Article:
A poll released this week sponsored by the Washington Post and ABC news finds that “72% of Americans believe that politicians cannot be trusted and two thirds think the countries political system is dysfunctional. A not insignificant share of folks openly embraced radicalism: 21% of those polled would rather ‘tear down’ the political system and ‘start over’ than try to fix it.” With these feelings running rampant with voters, it’s not surprising that outsiders who have never run for office like Donald Trump and Dr. Ben Carson are surging ahead of incumbent elected officials.
There are few states where voters are not rebelling against the status quo. “Throw the bums out” is the battle cry. “In the fall, fire ‘em all.” But what’s happening way down in the deepest of the deep southern states? Is there a political upheaval and open voter uprising taking place? Have a wave of new candidates emerged to bring down incumbency and shake up the political establishment? Hardly.
The typical reaction in the Bayou State, with a gubernatorial election just weeks away, might be summed up with a “Yawn…who are the Saints and the Tigers playing this weekend?” As of right now, it’s like the state is throwing an election party, with little interest and few who really care.
The qualifying period to run for office took place two weeks ago. Half of the legislative seats were filled with no challengers. Sixty-nine state legislators were returned to office unopposed. In fact 43% of all offices on the ballot were filled without opposition. So why all the apathy? Why aren’t more Louisiana citizens interested in running for public office at a time when support for those in office is so low? It’s a combination or reasons.
First, there is a pervasive feeling that nothing is really going to change. Remember the 60s song by the Who titled “Won’t Get Fooled again?” The lyrics say: “Meet the new boss, same as the old boss.” To many voters, there is a pervasive feeling that it really doesn’t make any difference who gets elected.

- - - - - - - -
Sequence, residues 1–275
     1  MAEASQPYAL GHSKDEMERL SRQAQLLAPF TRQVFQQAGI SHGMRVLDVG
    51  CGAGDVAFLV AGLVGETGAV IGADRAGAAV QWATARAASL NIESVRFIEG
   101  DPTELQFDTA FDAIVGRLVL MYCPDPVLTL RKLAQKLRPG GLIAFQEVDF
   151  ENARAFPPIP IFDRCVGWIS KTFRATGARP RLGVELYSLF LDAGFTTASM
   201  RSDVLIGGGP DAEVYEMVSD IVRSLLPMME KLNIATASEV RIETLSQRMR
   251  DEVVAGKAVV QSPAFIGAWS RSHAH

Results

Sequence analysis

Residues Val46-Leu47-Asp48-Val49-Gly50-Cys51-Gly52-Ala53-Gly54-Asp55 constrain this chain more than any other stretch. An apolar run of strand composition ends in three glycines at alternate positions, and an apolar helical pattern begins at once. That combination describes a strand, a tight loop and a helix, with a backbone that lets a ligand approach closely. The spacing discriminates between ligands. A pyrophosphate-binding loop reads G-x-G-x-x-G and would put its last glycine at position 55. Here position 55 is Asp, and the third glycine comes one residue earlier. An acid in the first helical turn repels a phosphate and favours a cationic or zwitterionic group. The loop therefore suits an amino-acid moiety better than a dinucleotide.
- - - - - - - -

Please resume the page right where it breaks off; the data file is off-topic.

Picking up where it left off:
A big factor for a challenger is raising campaign contributions. And as the old saying goes, money is the mother’s milk of politics. Incumbents begin raising money for the next campaign right after they get elected. New rules make it much easier for state and national PACs to pour campaign dollars into the coffers of legislators. Challengers campaign against the cesspool politics at the state capitol. But once elected, the cesspool turns into a hot tub of campaign dollars.
Elections have become so expensive, driven by the cost of media, particularly TV commercials. Until recently, even statewide candidates traveled the state to campaign, and never missed a fair or festival. “Retail politics” made it possible to run a campaign on a reasonable budget. No more. Legislative campaigns can often run $500,000 or more, an obscene amount of money. Many challengers have been priced out of the political market.
The governor’s race often sets the tone for issues for many legislative races. But the four major gubernatorial candidates have offered platitudes of generalities with few specifics for major government reform and restructuring. They each have rebuffed any comparison to the present highly unpopular governor, but offer few alternatives. The state is in terrible fiscal shape, healthcare needs a massive infusion of funds, and the state’s infrastructure has been crippled for lack of maintenance. Yet few details by any candidate have been set out in a master plan for reform.
Two other reasons have caused voters to “tune out” in this year’s election. The failure of the state Democratic Party to recruit new candidates and the fact that Louisiana politics is not all that much fun any more. We will explore these issues in a future column. As for now, don’t look for much excitement between now and Election Day in October.
"If voting changed anything, they'd make it illegal."
-- Emma Goldman
Peace and Justice
Jim Brown’s syndicated column appears each week in numerous newspapers throughout the nation and on websites worldwide. You can read all his past columns and see continuing updates at http://www.jimbrownusa.com. You can also hear Jim’s nationally syndicated radio show each Sunday morning from 9 am till 11:00 am, central time, on the Genesis Radio Network, with a live stream at http://www.jimbrownusa.com.